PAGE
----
For the longest time and I’m literally talking years, I felt determined to see Sevendust live considering how much I enjoyed Chapter VII: Hope & Sorrow, Cold Day Memory, and especially Black Out The Sun. Somehow, I ran into scheduling conflicts every single time Sevendust came around to my area. One quick search on setlist.fm reveals how this is pathetic considering how often they perform in New Jersey. Strictly based off the band’s live reputation, my quench grew stronger with each missed opportunity so I absolutely refused to miss “An Acoustic Evening With Sevendust.”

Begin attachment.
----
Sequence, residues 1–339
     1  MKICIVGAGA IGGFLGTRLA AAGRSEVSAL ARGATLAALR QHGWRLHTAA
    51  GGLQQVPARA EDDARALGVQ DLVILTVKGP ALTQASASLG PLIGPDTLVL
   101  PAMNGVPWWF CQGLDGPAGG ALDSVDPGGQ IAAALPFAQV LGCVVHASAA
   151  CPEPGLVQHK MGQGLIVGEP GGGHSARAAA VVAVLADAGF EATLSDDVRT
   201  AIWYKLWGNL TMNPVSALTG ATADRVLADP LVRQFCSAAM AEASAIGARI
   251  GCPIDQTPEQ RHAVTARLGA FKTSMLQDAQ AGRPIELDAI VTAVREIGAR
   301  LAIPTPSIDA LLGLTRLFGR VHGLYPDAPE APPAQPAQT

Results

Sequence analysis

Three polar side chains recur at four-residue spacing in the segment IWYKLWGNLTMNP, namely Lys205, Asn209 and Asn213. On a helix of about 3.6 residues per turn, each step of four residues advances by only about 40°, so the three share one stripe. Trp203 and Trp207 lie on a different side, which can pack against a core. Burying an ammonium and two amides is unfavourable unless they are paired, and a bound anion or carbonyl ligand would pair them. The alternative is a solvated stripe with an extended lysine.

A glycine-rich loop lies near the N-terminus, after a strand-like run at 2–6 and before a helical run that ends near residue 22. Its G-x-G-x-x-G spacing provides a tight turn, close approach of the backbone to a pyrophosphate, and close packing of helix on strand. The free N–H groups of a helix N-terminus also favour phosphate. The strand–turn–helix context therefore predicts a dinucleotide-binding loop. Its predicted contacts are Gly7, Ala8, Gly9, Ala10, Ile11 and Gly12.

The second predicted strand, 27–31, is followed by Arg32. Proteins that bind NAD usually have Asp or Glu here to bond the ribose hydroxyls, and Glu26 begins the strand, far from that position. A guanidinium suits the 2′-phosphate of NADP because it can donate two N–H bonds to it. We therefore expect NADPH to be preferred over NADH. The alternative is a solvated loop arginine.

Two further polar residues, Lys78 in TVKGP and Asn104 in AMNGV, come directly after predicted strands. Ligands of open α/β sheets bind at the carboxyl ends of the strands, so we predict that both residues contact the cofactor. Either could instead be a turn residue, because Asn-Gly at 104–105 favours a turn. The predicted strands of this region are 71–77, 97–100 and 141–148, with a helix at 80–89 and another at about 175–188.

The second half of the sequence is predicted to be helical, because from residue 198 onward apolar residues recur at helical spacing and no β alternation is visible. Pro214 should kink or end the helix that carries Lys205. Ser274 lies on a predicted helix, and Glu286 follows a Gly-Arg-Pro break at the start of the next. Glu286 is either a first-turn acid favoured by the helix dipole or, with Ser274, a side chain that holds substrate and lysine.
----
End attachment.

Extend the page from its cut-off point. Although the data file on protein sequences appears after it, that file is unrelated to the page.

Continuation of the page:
As I waited on line before the doors opened, the energy felt contagious once fans packed into Starland. With no opening act, the entire night felt like an overdue hangout between Sevendust and their rabidly devoted Jersey crowd. Adding to my interest in seeing Sevendust perform, the group recorded Black Out The Sun and Time Travelers & Bonfires at Architekt Studios in Butler, New Jersey. Throughout the night, vocalist Lajon Witherspoon praised the Garden State by enthusiastically stating how New Jersey has become the band’s second home. If fans didn’t notice an extra member on stage, Witherspoon introduced Architekt’s very own Kurt Wubbenhorst on keyboards who also performed on the band’s two latest LPs. Displaying a warming sense of southern hospitality, Witherspoon reoccurring words of gratitude made the entire crowd feel right at home.